Across the country, people of all skills, trades and professions are adapting to new routines due to the COVID-19 pandemic. At Augusta Health, dedicated healthcare workers and staff across the medical group are redeploying to new roles for the good of their patients, community and one another.
Due to the stay-at-home order, many departments and facilities are seeing fewer patients or have temporarily paused services, but their team members have found ways to contribute to other areas of the hospital—from cleaning and managing personal protective equipment (PPE) to EMT services and information sharing.
Ensuring Safety Through Knowledge
For 17 years, Lara Young has been a physical therapist in the Augusta Health Outpatient Center, where she treats patients with orthopedic injuries and conditions. On April 2, Young began serving as an Augusta safety resource officer, a new role developed to support those caring for COVID-19 patients with guidance on PPE use, surface cleaning and up-to-date information.
Liz McWhirt, RN, is manager of Augusta Health Urgent Care Services and, like Young, is taking on new responsibilities during the pandemic. McWhirt, who has been with Augusta Health for seven years, normally makes rounds at several clinics each day. In response to the virus, one of those clinics, Augusta Health Urgent Care, Waynesboro, was converted into a COVID-19 assessment center. The center exclusively sees patients with respiratory illnesses, fever and potential coronavirus exposures, which promotes safety for patients and staff by minimizing their exposure.
“My team is used to caring for acute injury and illnesses, and now they only see respiratory patients and have to adapt to using PPE,” says McWhirt.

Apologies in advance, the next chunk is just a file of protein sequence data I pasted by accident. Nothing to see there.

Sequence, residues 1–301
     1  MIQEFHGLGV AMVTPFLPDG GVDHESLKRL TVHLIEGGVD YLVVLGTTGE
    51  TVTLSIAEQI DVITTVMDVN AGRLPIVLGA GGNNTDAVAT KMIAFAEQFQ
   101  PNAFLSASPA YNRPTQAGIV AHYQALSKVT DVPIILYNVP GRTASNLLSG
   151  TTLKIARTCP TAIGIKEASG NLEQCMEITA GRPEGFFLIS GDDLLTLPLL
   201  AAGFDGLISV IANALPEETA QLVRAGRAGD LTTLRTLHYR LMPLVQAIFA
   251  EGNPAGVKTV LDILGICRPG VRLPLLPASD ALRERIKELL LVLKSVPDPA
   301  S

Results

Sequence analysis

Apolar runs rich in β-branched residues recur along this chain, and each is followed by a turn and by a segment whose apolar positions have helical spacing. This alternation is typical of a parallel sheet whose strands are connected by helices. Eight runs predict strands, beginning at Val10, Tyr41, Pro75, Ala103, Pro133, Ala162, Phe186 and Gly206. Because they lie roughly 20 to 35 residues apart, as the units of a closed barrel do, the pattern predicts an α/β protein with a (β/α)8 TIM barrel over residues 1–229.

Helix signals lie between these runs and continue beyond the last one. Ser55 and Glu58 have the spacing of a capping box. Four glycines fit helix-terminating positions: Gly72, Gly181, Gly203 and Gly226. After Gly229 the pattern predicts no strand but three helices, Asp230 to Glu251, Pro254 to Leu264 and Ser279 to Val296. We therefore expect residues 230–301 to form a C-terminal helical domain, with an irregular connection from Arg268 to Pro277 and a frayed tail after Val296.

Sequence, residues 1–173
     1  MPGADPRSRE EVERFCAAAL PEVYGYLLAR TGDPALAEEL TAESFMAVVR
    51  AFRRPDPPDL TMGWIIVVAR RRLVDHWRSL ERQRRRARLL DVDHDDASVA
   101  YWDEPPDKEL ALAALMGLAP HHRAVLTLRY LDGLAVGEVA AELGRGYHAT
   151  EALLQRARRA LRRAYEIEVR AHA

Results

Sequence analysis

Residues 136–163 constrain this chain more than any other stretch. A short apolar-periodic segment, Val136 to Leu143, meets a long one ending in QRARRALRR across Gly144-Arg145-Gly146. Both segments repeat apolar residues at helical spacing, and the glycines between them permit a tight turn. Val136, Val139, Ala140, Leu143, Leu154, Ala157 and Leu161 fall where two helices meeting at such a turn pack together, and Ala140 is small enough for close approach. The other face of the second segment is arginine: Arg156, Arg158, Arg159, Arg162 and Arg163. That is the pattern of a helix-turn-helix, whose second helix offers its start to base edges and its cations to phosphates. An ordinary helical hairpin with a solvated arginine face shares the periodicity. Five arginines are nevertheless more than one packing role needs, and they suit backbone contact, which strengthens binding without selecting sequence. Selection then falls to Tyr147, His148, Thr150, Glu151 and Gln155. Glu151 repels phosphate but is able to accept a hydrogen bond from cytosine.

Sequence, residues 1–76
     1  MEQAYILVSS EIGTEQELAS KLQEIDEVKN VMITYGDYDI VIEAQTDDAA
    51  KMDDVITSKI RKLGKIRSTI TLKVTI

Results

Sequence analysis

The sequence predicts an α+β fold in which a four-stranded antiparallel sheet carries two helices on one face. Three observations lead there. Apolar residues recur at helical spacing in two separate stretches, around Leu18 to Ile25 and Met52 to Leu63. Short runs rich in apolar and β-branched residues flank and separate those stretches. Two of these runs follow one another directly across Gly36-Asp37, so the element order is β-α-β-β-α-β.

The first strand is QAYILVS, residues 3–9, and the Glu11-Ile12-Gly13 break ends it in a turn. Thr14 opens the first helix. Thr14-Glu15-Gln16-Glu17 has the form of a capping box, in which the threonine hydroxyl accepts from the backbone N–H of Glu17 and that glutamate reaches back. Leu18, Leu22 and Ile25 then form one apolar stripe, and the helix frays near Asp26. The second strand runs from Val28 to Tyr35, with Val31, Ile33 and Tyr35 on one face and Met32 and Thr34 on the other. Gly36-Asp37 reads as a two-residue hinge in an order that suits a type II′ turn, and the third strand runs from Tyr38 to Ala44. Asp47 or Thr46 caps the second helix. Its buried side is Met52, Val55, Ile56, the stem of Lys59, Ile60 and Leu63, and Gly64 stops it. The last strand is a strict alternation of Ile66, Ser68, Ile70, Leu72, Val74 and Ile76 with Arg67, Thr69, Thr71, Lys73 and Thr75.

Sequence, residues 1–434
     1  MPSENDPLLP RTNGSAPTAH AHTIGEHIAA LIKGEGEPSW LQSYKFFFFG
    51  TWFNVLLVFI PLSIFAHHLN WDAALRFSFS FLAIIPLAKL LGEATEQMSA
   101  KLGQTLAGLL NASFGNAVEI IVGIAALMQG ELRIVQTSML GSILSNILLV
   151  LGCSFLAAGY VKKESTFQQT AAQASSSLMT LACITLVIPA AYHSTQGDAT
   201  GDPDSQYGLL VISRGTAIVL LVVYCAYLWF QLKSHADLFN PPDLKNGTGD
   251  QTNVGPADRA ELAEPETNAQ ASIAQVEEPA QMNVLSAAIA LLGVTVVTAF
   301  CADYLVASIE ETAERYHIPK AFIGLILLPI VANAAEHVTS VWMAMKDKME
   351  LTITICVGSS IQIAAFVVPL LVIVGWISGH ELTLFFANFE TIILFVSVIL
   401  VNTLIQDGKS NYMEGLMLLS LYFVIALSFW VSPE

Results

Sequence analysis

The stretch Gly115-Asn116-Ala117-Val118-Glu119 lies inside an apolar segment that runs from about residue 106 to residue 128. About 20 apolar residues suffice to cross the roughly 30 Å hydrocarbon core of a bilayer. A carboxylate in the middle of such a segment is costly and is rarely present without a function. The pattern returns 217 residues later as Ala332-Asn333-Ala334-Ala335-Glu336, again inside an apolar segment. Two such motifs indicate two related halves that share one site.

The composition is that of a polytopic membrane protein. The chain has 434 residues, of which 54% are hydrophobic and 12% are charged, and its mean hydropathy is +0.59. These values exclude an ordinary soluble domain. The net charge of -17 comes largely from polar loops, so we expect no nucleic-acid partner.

To help her team adapt to this change and maintain safety, McWhirt is making sure that they have the proper PPE. She also keeps daily records of staff who care for COVID-positive patients and patients who are tested.
Before the pandemic, Zachary Allen, a personal trainer from the Augusta Health Fitness Center, created workouts to help clients reach their various fitness goals. Now he cross-trains in the laundry department to assist this vital team with their day-to-day operations. He runs two large pieces of laundry equipment that fold and iron clean blankets, sheets, pillowcases, contours, bedspreads and gowns for various hospital departments.
“The thing I enjoy most about working in my new department is seeing how things behind the scenes work,” Allen says. “This experience has shown me that every department is key to ensuring our hospital runs smoothly. As we walk through the hallways at the end of the day to distribute the different linens, I see the things in the linen closets we’ve cleaned and folded, and it makes my role feel important.”
Augusta Health’s Environmental Services Department (EVS) has always had a major role in managing the cleanliness of all of the hospital departments, but during the COVID 19 pandemic, its role is more critical to the organization than ever. Beyond the routine cleaning procedures, EVS is utilizing the Surfacide System, an ultraviolet (UV) light-emitting device that disinfects a variety of surfaces and spaces. Surfacide provides data that indicate its device is effective against multidrug-resistant organisms including coronaviruses.